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    The Tibetans traditionally depended upon agriculture for survival. Since the 1980s, however, other jobs such as taxi-driving and hotel retail work have become available in the wake of Chinese economic reform. In 2011, Tibet's nominal GDP topped 60.5 billion yuan (US$9.60 billion), nearly more than seven times as big as the 11.78 billion yuan (US$1.47 billion) in 2000. Economic growth since the beginning of the 21st century has averaged over 10 percent a year.[30]While traditional agriculture and animal husbandry continue to lead the area's economy, in 2005 the tertiary sector contributed more than half of its GDP growth, the first time it surpassed the area's primary industry.[50][51] Rich reserves of natural resources and raw materials have yet to lead to the creation of a strong secondary sector, due in large part to the province's inhospitable terrain, low population density, an underdeveloped infrastructure and the high cost of extraction.[30]The collection of caterpillar fungus (Cordyceps sinensis, known in Tibetan as Yartsa Gunbu) in late spring / early summer is in many areas the most important source of cash for rural households. It contributes an average of 40% to rural cash income and 8.5% to the TAR's GDP.[52]The re-opening of the Nathu La pass (on southern Tibet's border with India) should facilitate Sino-Indian border trade and boost Tibet's economy.[53]In 2008, Chinese news media reported that the per capita disposable incomes of urban and rural residents in Tibet averaged 12,482 yuan (US$1,798) and 3,176 yuan (US$457) respectively.[54]The China Western Development policy was adopted in 2000 by the central government to boost economic development in western China, including the Tibet Autonomous Region.


    The civil airports in Tibet are Lhasa Gonggar Airport,[57] Qamdo Bangda Airport, Nyingchi Airport, and the Gunsa Airport.Gunsa Airport in Ngari Prefecture began operations on 1 July 2010, to become the fourth civil airport in China's Tibet Autonomous Region.[58]The Peace Airport for Xigazê was completed on 30 October 2010.[59]Nagqu Dagring Airport is expected to become the world's highest altitude airport by 2014 at 4,436 meters above sea level.The Qinghai–Tibet Railway from Golmud to Lhasa was completed on 12 October 2005. It opened to regular trial service on 1 July 2006. Five pairs of passenger trains run between Golmud and Lhasa, with connections onward to Beijing, Chengdu, Chongqing, Guangzhou, Shanghai, Xining and Lanzhou. The line includes the Tanggula Pass, which, at 5,072 m (16,640 ft) above sea level, is the world's highest railway.The Lhasa–Xigazê Railway branch from Lhasa to Xigazê was completed in 2014. It opened to regular service on 15 August 2014.The construction of first section of the Sichuan–Tibet Railway from Lhasa to Nyingchi began in 2015 and is expected to take roughly seven years.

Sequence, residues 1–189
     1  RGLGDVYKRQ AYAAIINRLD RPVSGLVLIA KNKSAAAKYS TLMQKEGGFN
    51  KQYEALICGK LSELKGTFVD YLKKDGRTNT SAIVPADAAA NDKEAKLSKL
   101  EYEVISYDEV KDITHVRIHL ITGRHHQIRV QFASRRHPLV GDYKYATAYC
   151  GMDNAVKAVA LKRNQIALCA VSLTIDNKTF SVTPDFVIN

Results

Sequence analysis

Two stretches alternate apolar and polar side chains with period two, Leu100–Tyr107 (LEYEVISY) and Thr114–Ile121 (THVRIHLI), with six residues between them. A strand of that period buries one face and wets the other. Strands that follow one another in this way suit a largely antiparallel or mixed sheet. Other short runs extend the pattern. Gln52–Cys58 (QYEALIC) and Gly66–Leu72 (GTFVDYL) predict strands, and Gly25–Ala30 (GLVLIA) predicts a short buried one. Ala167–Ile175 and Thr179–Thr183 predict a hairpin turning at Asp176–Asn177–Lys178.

The Tibet Autonomous Region is located on the Tibetan Plateau, the highest region on earth. In northern Tibet elevations reach an average of over 4,572 metres (15,000 ft). Mount Everest is located on Tibet's border with Nepal.China's provincial-level areas of Xinjiang, Qinghai and Sichuan lie to the north, northeast, and east, respectively, of the Tibet AR. There is also a short border with Yunnan province to the southeast. The PRC has border disputes with the Republic of India over the McMahon Line of Arunachal Pradesh, known to the Chinese as "South Tibet". The disputed territory of Aksai Chin is to the west, and its boundary with that region is not defined. The other countries to the south are Myanmar, Bhutan and Nepal.Mount EverestPhysically, the Tibet AR may be divided into two parts, the "lakes region" in the west and north-west, and the "river region", which spreads out on three sides of the former on the east, south, and west. Both regions receive limited amounts of rainfall as they lie in the rain shadow of the Himalayas, however the region names are useful in contrasting their hydrological structures, and also in contrasting their different cultural uses which is nomadic in the lake region and agricultural in the river region.[11] On the south the Tibet AR is bounded by the Himalayas, and on the north by a broad mountain system. The system at no point narrows to a single range; generally there are three or four across its breadth. As a whole the system forms the watershed between rivers flowing to the Indian Ocean − the Indus, Brahmaputra and Salween and its tributaries − and the streams flowing into the undrained salt lakes to the north.The lake region extends from the Pangong Tso Lake in Ladakh, Lake Rakshastal, Yamdrok Lake and Lake Manasarovar near the source of the Indus River, to the sources of the Salween, the Mekong and the Yangtze. Other lakes include Dagze Co, Namtso, and Pagsum Co. The lake region is a wind-swept Alpine grassland. This region is called the Chang Tang (Byang sang) or 'Northern Plateau' by the people of Tibet. It is some 1,100 km (680 mi) broad, and covers an area about equal to that of France. Due to its great distance from the ocean it is extremely arid and possesses no river outlet. The mountain ranges are spread out, rounded, disconnected, separated by relatively flat valleys.The Tibet AR is dotted over with large and small lakes, generally salt or alkaline, and intersected by streams. Due to the presence of discontinuous permafrost over the Chang Tang, the soil is boggy and covered with tussocks of grass, thus resembling the Siberian tundra. Salt and fresh-water lakes are intermingled. The lakes are generally without outlet, or have only a small effluent. The deposits consist of soda, potash, borax and common salt. The lake region is noted for a vast number of hot springs, which are widely distributed between the Himalaya and 34° N, but are most numerous to the west of Tengri Nor (north-west of Lhasa). So intense is the cold in this part of Tibet that these springs are sometimes represented by columns of ice, the nearly boiling water having frozen in the act of ejection.The river region is characterised by fertile mountain valleys and includes the Yarlung Tsangpo River (the upper courses of the Brahmaputra) and its major tributary, the Nyang River, the Salween, the Yangtze, the Mekong, and the Yellow River. The Yarlung Tsangpo Canyon, formed by a horseshoe bend in the river where it flows around Namcha Barwa, is the deepest, and possibly longest canyon in the world.[12] Among the mountains there are many narrow valleys. The valleys of Lhasa, Xigazê, Gyantse and the Brahmaputra are free from permafrost, covered with good soil and groves of trees, well irrigated, and richly cultivated.The South Tibet Valley is formed by the Yarlung Tsangpo River during its middle reaches, where it travels from west to east. The valley is approximately 1200 kilometres long and 300 kilometres wide. The valley descends from 4500 metres above sea level to 2800 metres. The mountains on either side of the valley are usually around 5000 metres high.[13][14] Lakes here include Lake Paiku and Lake Puma Yumco.